With God on Our Side

 

One of my favorite record albums of all time is Bob Dylan’s “The Times, They Are a’Changin’”, which was released in 1964, in the middle of the Viet Nam war. 

Among the prophetic protest songs on that album is one that’s particularly poignant and kind of hard for me to listen to.

And it’s supposed to be that way.

It’s called “With God on Our Side,” and, being that it’s a protest song, Dylan obviously is questioning that long-held belief that it’s OK to fight in wars and kill human beings as long as we believe that God is on our side. 

At the end of one of many similar verses, Dylan sings: 

“But I learned to accept it/

Accept it with pride/

For you don't count the dead/

When God's on your side.”

 

Now, I was brought up in a military family. 

Every other uncle and cousin seemed to have served in every war from World War II to Viet Nam.  

My own father was sent overseas in World War II in the Army infantry, and when he returned stateside, he immediately gained employment on the Air Force base in my hometown until his retirement 43 years later.  

I grew up in a city where giant B-52 bombers, KC-135’s and the enormous Hercules jets flew 24 hours a day overhead doing touch-and-go maneuvers;

where Airmen and women lived, learned and prayed alongside of us; 

and where every kid had at least one green nylon flight jacket, an old footlocker for a toy box and and endless supply of those black U.S. Government ballpoint pens in our pencil boxes for school. 

I never knew there was another kind of pen even made. 

We  sang “Our Country Tis of Thee” every school-day morning, hands over our hearts. 

And Francis Bellamy, who wrote the original version of “The Pledge of Allegiance,” is buried in my hometown. 

I grew up believing that the United States was a blessed nation, and that we were the better than all other nations because God was on our side. 

And I believed other nations, like the then-Soviet Union — our most staunch opponent and threat of my childhood — did not have God’s blessing. 

As I grew up I — maybe a bit like Bob Dylan — began questioning whether God was truly on our side, like I had been raised to believe.

Because there were a lot of things wrong with the U.S. 

We’re human. We make mistakes. 

And we try to convince ourselves that we’re blessed, maybe even when we’re not acting like it. 

A few moments ago, Michael Young came up here and read a very important essay he wrote about Memorial Day. 

I am so thankful that he offered this to us today. 

In the essay, Mike said “The American flag represents all that is good about America.”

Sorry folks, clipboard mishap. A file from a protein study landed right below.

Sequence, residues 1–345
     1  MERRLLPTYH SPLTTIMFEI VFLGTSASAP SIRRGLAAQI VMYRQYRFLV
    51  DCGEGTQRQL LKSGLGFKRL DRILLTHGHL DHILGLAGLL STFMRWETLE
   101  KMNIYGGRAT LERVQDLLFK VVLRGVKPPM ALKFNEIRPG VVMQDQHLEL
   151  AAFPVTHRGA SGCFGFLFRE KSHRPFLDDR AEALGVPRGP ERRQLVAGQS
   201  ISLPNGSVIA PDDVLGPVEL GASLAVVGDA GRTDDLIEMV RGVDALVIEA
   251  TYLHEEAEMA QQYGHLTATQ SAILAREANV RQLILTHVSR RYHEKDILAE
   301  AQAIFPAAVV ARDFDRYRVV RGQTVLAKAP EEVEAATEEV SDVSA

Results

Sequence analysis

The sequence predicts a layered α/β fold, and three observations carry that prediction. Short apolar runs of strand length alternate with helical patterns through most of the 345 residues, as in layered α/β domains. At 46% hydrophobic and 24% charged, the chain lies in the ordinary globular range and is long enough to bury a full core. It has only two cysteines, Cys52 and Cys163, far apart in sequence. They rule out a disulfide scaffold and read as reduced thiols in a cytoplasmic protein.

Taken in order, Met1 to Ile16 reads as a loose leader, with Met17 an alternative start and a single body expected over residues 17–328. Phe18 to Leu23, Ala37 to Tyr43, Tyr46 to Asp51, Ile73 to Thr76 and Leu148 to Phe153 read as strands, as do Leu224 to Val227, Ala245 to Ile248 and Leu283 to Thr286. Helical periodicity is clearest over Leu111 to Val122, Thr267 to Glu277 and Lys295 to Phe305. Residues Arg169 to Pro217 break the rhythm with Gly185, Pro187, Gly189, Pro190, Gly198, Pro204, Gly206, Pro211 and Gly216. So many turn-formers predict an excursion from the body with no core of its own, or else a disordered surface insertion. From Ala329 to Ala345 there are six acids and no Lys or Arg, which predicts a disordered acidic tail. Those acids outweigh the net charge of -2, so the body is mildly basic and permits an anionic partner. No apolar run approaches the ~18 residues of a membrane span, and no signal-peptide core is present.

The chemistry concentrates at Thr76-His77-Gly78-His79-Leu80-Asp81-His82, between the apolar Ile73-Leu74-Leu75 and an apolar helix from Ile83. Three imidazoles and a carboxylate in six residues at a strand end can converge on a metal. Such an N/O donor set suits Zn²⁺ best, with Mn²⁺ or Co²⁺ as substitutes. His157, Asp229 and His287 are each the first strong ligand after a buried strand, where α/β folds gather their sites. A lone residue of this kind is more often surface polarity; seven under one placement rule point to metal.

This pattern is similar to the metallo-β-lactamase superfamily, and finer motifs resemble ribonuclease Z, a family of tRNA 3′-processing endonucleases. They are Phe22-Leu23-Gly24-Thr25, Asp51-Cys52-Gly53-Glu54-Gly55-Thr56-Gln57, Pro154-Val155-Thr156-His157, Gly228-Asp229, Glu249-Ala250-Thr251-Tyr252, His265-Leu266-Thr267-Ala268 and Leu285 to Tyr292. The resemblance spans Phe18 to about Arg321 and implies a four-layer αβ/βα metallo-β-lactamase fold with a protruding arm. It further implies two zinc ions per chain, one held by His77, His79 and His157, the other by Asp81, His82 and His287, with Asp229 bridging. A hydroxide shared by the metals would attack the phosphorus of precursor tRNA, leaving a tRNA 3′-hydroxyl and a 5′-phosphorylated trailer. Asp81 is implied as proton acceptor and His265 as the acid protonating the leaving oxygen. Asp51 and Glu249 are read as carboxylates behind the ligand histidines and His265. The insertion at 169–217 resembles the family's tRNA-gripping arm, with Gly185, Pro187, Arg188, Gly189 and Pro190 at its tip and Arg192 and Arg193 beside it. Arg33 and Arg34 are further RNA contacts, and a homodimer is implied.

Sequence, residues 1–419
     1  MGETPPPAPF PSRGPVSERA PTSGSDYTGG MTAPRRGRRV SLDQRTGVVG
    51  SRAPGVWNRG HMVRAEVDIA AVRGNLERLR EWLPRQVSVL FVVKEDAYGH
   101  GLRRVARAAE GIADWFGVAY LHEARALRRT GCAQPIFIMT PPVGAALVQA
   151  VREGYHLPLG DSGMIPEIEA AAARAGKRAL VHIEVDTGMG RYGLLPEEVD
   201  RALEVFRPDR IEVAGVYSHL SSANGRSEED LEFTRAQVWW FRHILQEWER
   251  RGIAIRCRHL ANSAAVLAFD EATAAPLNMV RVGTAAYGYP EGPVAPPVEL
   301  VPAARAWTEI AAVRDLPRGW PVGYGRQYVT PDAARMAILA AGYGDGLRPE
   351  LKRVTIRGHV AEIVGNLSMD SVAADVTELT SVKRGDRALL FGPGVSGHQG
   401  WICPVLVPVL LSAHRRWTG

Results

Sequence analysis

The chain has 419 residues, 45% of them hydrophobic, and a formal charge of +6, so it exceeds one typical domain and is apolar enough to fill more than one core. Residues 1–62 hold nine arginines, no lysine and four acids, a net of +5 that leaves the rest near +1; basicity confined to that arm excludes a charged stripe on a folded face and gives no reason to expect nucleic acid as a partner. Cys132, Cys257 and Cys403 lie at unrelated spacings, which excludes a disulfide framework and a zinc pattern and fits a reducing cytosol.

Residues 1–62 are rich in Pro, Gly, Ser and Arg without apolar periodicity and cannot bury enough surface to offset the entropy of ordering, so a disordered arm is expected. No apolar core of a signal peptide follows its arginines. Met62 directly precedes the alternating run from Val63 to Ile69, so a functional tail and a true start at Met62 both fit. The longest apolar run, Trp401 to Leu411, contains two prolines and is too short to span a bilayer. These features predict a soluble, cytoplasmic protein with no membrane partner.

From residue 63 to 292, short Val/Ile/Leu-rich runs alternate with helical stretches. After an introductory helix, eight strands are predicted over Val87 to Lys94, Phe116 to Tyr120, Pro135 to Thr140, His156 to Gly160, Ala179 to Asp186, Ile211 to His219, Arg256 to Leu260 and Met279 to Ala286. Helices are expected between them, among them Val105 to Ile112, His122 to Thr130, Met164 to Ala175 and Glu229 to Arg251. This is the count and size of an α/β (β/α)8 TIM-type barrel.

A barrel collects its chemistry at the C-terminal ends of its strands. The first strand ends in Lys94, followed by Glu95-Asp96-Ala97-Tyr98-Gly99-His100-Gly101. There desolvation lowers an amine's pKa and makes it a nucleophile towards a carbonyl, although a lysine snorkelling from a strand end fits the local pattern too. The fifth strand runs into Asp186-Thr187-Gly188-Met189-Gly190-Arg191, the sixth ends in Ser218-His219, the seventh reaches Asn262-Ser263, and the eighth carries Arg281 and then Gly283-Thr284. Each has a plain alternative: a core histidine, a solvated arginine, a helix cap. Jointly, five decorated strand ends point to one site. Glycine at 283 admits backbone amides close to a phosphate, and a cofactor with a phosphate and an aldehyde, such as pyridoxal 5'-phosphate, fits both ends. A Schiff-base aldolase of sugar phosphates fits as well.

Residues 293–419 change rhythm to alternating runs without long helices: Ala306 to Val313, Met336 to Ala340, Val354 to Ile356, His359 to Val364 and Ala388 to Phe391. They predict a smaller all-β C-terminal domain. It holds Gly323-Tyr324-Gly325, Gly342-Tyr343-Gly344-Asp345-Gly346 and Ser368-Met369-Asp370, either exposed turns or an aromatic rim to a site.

Sure, some will be critical and say that it also represents all that is bad about America, too, sometimes. 

But that’s not our intent. Mike is right: That flag should represent all that is good about America. 

Because we should be a nation that strives to do good.

In other words, it should remind us that with the great power that we have, well, as the saying goes, we also have a great responsibility. 

Sometimes we forget that. 

We should always strive to honor those who helped bring light to our world, and we honor them not in our words, but in our actions. 

But let’s face it: Again, we are humans living in a broken world. 

But if we use that power responsibly, will God be on our side?

 

Israelites’ blessed? 

The Israelites were blessed by God. 

A tiny nation with hardly any military might, nestled precariously among the super powers of the world as we knew it in ancient times. 

And In Jesus’s day, their national identity was being diluted by the Roman Empire. 

The borders of Israel would never grow, nor would its military prowess. 

It’s economy was that of a vassal state to Rome, its autonomy reduced to reporting to Caesar. 

We can look at Israel with our own American or even Western definition of “blessed” and say, well, no… the blessing was gone…. 

I mean, by our own definition of “blessed,” it must have been gone. 

Wasn’t it? 

Or are we missing what the blessing was altogether?

Because from this little nation, a baby was born.

The baby grew to be a man. 

And that man did nothing short of changing and saving the world. 

In the Book of Acts, we see the disciples traveling throughout the world as they knew it — into Europe, the entire Mediterranean, the Middle East, into Asia and down into Africa to do what?

To spread the Gospel. 

To spread the story and the Good News of Jesus Christ. 

And that ministry today has not stopped. 

God blesses the ministry of sharing and practicing the Gospel.